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  • Common myths about concussions that can affect an athlete’s mental health

     

    Suffering a concussion is always a scary experience. Many athletes are justifiably concerned about the long-term health of their brain and how a brain injury, such as a concussion, can impact their functioning later in life. Therefore, it is helpful to understand the facts and common myths related to concussions. The American Psychological Association (APA) reviewed the facts and myths related to concussions in the APA Handbook of Sport and Exercise Psychology, Volume 1: Sport Psychology, which will be discussed in this article.

    How does a concussion impact mental health?

    It is common for individuals to have at least some increase in emotionality (e.g., sadness, anxiety, and or irritability) following a concussion. About 50% of adolescent athletes report some emotional symptoms and about 20% of collegiate athletes displayed symptoms of depression following concussions. Furthermore, a subset of people who suffer concussions go onto to develop mental health issues such as post traumatic stress disorder, panic disorder, generalised anxiety disorder, and substance abuse disorder.

    What helps to cope with a concussion?

    Evidence suggests that passive or avoidant forms of coping such as venting, denial, self-blame, and behavioral dis-engagement lead to higher rates of post concussive symptoms, whereas active coping involving problem solving, planning, and communicating lead to healthier outcomes.

    What are common myths related to concussions?

    Myth: Concussions only result from direct impact to the head and only occur in contact sports.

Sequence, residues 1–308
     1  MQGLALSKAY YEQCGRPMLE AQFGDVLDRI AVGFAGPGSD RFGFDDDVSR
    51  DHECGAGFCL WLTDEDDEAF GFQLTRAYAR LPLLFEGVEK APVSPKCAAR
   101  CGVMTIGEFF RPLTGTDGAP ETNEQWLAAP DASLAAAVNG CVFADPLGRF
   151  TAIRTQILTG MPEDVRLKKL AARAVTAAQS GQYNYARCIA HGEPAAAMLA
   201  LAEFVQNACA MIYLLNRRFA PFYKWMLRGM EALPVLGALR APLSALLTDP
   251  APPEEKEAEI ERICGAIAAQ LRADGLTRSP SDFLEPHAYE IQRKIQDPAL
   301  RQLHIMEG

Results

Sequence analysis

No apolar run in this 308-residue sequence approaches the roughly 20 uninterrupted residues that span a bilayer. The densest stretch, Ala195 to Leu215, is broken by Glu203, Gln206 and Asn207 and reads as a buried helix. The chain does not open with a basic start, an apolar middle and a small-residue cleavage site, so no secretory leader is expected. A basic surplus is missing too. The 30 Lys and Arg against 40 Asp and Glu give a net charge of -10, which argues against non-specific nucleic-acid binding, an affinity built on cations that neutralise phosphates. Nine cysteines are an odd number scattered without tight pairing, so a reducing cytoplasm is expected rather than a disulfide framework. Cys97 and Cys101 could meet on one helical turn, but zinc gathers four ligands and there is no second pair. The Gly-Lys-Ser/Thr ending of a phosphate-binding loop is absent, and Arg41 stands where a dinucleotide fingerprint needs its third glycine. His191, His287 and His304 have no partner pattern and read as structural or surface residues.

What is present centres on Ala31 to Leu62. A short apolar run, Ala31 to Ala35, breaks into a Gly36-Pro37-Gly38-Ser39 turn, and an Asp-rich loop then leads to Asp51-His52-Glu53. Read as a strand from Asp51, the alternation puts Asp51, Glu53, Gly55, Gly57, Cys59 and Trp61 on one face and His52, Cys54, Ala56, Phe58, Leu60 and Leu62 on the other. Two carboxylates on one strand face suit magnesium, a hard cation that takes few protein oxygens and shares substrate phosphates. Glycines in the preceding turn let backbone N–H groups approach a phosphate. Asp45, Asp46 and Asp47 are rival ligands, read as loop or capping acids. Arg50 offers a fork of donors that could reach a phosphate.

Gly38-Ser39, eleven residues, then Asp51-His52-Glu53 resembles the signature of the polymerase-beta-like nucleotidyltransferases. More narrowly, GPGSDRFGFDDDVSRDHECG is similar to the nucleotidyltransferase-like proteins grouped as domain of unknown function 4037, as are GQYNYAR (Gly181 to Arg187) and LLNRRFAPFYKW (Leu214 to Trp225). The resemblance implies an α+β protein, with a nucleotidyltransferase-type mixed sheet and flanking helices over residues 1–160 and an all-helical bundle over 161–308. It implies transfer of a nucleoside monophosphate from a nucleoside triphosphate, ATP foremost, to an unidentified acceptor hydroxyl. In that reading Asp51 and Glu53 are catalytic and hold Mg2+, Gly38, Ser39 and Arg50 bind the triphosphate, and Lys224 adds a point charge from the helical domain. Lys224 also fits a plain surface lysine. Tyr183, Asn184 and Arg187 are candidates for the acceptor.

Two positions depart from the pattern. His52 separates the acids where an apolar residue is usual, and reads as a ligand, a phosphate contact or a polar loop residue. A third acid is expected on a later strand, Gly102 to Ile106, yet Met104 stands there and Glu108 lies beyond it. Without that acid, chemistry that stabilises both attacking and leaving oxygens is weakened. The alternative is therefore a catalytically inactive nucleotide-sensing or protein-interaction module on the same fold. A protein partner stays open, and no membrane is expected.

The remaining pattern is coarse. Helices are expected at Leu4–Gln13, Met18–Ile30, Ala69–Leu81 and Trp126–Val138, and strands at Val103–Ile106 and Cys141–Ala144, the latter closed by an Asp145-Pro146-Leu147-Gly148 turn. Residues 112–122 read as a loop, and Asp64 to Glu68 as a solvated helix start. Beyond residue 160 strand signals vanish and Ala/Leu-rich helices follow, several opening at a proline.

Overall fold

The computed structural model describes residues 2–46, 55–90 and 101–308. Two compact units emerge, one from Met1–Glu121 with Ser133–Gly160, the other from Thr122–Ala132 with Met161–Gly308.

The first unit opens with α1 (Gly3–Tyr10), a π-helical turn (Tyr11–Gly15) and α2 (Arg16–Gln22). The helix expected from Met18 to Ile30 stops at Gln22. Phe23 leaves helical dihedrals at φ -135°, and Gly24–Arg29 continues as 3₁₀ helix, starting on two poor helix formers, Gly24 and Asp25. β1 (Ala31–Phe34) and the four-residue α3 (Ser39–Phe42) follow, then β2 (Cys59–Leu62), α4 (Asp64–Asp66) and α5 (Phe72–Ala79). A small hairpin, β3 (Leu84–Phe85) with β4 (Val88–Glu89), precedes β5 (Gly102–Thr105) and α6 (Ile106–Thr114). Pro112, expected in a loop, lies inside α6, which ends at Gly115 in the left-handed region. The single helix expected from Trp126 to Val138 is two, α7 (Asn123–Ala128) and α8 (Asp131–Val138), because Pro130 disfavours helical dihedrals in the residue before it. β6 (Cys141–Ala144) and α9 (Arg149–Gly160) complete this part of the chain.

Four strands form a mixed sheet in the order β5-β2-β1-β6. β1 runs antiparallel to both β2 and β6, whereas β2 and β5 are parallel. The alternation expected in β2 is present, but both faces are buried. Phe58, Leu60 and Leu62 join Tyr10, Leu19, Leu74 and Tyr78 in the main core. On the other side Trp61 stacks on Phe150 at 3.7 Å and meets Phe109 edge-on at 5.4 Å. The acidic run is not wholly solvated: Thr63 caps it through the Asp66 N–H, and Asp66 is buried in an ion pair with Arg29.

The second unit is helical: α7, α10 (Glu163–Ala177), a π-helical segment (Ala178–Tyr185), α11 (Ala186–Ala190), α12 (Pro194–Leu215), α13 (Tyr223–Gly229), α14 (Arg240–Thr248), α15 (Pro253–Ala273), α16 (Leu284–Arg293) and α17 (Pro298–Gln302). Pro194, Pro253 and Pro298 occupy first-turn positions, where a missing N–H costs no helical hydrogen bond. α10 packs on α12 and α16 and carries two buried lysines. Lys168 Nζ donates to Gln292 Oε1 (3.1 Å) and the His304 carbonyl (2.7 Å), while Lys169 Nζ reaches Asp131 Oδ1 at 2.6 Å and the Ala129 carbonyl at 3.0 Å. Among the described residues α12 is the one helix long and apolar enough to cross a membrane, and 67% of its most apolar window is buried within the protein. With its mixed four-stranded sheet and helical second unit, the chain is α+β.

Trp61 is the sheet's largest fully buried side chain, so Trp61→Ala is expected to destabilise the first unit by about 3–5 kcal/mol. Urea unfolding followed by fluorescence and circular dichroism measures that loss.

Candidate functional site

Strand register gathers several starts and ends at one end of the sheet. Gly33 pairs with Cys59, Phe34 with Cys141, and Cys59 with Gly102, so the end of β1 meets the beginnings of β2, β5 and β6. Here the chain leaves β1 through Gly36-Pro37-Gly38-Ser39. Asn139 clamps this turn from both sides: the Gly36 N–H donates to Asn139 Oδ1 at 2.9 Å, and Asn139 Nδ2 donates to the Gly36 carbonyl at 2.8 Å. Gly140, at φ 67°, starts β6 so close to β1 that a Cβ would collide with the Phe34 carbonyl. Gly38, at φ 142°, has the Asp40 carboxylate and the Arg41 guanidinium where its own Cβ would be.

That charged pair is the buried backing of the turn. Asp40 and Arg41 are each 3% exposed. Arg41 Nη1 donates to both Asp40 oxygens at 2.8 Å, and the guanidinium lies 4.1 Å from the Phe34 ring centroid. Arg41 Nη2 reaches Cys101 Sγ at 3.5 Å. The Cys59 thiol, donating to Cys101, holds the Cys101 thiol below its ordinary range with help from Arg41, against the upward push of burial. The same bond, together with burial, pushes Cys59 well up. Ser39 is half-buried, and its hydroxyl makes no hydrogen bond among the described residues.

Fact: Concussions can be caused even if the head is not directly hit. For example, concussions can be caused when whiplash occurs and the head is swung at a high velocity.

    Myth: Helmets and protective gear prevent concussions.

    Fact: Helmets prevent skull fractures and lacerations but do not protect against concussions.

    Myth: Following a concussion, someone should stay awake for the next 24 hours.

    Fact: Before modern technology allowed medical professionals to use advanced neuro-imaging to assess the severity of the brain injury, people with concussions were often woken every hour for assessment. This was done to assess the severity of the injury and to check if the person had slipped into a coma. Now, medical professionals properly trained in treating concussions understand that sleeping after a concussion is necessary and healthy.

    Myth: Concussions result in long-term or even permanent consequences.

    Fact: Most people experience a full recovery from a concussion in 2 to 3 weeks, and only 3 percent of people experience symptoms longer than a month.

    Myth: All you can do to treat a concussion is rest.

    Fact: Concussions can be treated by competent professionals using physical therapy, vestibular or vision therapy, and prescribed aerobic or physical exertion.

    Suffering a concussion is always stressful. However, differentiating the facts from the myths can provide reassurance and help guide your choices as you recover and return to play. If you are interested in learning more about how a mental health and sport psychology professional can help an athlete recovering from a concussion, contact us to schedule a free phone consultation.


    Dr. Jason von Stietz specializes in Cognitive Behavior Therapy and Sport/Performance Psychology in Torrance, CA. He provides online therapy (telehealth) by way of the Torrance office and is available for a free initial phone consultation. Dr. von Stietz works with individuals from Long Beach, the greater Los Angeles area, and the South Bay including Palos Verdes, Redondo Beach, Hermosa Beach, Manhattan Beach, El Segundo and all over California.